Set against the backdrop of 1960s Tangier, this thriller tells the story of Arnold Turner, a repressed English schoolmaster on holiday in Morocco, where he meets Ewing Baird, a wealthy American expat with a dark secret. As Turner becomes more involved with Ewing he realises he has been lured into a dangerous trap.
So, obviously, David and I had a chat…
JOHN: The Wrong People… Very definitely a million miles away from the world of comedy. You’re directing it…
DAVID: It’s happening this summer.
JOHN: It’s described as “a thriller” but it sounds Arty to me.
DAVID: It’s a brilliant piece of writing and indeed a thrilling adventure as well as being a searing piece of social comment.
JOHN: …from the 1960s. Making movies is not easy.
DAVID: Well, the story of trying to get this film made starts 50 years ago when I was writing House of Whipcord and Frightmare for director Pete Walker and he was telling me about his Hollywood actor chum Sal Mineo, who was in London at the time, trying to set up The Wrong People as a film.
Around that same time The Wrong People was re-published in paperback under Robin Maugham’s own name. Earlier, he had published it under a pseudonym – David Griffin – because that’s what his uncle Somerset Maugham recommended.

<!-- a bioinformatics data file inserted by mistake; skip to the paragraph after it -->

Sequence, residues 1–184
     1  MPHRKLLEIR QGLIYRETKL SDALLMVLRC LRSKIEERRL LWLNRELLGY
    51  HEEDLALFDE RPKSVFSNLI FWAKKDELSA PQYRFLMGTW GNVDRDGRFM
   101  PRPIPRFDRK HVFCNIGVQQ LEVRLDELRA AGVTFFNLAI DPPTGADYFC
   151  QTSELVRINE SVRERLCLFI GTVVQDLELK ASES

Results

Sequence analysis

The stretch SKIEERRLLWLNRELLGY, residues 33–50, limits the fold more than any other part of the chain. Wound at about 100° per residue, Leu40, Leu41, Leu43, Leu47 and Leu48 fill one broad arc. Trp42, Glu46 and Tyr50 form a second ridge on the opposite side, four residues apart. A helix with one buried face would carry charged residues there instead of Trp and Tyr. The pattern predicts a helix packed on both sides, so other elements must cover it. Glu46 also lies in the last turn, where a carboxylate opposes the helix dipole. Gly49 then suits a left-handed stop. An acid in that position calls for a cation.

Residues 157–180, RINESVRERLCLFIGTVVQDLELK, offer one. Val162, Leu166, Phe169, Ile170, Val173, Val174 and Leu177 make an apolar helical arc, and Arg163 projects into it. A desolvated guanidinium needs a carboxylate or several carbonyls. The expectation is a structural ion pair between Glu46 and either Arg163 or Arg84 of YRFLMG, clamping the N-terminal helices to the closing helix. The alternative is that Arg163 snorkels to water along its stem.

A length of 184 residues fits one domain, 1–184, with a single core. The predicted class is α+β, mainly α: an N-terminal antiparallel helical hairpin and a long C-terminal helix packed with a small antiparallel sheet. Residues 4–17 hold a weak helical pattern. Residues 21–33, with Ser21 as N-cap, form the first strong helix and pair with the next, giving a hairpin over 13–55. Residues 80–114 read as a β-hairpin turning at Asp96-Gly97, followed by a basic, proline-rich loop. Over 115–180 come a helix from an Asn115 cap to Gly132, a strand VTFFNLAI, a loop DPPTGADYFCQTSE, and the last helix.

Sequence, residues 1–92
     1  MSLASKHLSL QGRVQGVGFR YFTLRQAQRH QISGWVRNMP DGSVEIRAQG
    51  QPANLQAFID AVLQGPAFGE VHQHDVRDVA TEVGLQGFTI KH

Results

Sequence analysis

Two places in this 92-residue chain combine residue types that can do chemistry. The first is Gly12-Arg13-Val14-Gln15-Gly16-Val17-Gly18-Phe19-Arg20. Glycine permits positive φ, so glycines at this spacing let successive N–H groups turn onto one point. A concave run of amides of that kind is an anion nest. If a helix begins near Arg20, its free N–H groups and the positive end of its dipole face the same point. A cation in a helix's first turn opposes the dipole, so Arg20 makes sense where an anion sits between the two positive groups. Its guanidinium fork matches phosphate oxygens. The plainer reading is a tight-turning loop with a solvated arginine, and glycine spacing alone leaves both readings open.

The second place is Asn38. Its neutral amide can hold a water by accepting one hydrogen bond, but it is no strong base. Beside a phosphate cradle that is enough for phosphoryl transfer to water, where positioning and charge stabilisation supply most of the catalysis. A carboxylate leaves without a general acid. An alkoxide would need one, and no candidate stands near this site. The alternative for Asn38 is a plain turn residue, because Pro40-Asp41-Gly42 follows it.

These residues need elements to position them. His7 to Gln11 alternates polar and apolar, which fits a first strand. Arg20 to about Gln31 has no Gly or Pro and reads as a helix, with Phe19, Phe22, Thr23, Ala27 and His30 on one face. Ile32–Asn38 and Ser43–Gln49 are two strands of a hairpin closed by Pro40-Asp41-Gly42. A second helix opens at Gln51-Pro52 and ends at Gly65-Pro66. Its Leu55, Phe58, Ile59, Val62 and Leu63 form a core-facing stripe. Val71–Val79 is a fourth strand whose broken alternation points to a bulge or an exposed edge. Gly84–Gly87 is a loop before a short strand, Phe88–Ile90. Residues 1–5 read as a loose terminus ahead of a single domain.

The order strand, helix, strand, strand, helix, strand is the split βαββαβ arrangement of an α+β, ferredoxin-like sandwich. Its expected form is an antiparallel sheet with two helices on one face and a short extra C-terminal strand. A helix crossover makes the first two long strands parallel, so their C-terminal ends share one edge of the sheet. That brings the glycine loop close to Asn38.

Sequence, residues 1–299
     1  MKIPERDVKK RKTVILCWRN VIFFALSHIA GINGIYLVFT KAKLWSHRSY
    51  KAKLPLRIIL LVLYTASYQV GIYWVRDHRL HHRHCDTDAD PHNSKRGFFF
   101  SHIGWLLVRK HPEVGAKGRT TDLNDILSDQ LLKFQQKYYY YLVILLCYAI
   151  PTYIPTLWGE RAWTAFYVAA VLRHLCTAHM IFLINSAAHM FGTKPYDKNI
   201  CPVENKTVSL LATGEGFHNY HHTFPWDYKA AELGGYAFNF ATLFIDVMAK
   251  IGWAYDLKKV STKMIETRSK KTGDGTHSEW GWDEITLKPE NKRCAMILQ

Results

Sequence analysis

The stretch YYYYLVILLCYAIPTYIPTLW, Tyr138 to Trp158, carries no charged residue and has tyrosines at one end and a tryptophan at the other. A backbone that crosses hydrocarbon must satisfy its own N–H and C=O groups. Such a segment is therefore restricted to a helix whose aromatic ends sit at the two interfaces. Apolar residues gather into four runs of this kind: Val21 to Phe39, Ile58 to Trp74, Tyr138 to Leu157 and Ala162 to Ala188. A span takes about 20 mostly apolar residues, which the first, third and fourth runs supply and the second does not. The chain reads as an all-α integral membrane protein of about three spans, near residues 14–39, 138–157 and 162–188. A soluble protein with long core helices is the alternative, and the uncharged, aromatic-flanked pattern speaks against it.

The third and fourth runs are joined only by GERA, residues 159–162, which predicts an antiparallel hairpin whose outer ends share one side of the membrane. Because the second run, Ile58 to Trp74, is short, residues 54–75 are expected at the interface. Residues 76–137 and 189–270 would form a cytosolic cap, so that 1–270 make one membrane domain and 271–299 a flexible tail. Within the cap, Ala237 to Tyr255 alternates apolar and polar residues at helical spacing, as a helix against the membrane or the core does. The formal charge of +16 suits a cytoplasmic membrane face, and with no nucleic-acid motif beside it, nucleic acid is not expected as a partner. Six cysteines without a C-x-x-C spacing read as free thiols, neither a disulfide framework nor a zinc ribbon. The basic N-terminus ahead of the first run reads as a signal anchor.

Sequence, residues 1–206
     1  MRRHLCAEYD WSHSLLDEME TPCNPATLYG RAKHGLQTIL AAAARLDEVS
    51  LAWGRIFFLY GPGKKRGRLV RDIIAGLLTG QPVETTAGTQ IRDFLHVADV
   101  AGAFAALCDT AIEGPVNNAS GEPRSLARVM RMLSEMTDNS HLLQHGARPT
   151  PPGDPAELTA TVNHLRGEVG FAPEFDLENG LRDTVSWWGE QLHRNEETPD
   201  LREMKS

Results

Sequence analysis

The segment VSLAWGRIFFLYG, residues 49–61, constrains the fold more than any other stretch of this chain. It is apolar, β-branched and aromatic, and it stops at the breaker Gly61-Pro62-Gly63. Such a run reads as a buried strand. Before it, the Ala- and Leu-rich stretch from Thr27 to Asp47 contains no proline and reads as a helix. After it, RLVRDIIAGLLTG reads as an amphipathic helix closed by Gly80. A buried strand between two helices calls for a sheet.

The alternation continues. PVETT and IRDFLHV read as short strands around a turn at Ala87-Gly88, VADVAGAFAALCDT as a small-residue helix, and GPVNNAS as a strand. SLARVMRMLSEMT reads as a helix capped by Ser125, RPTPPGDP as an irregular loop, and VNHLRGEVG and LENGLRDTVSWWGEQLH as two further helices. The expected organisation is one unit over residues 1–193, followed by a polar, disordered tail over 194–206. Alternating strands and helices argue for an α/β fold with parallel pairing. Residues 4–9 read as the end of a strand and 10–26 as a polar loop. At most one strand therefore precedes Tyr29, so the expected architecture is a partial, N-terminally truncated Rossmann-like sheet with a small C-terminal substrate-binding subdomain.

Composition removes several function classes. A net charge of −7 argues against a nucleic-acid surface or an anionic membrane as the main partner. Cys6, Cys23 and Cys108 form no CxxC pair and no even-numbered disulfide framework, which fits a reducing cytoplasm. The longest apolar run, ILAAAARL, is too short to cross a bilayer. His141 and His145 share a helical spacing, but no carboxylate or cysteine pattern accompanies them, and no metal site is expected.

DAVID: Because of the subject matter. Sal Mineo was trying to set up the film but Pete Walker said to me: “They’ll never make it.” So I went and bought the book and, like Somerset Maugham, I read it in one sitting. I went back into Mr Walker’s office the next day and said: “You’re right. They’ll never make a film of it.”
Sal Mineo went to all manner of screenwriters. (Peter Shaffer, Edna O’Brien, David Sherwin etc) They all said No because they found the subject matter distasteful. He did get a script out of a children’s writer who had I think written episodes of Doctor Who. But his script was deemed not really suitable and they ended up with – what a surprise – Pete Walker’s screenwriter Murray Smith. I’ve never seen his script. There may have been other scripts – maybe one by Robin Maugham himself – but they have all disappeared. Anyway, Murray did one that Sal also didn’t like. So the whole project was doomed, really.
Sal was unable to make the film. He returned to Los Angeles in 1974 and two years later was murdered. After that, I never thought a thing about The Wrong People until I found Sal Mineo: A Biography winking at me on the shelf. It was published in 2010 and there is an entire chapter on The Wrong People.
I read the original Maugham book again and decided that night: Right! I’m going to make the film myself!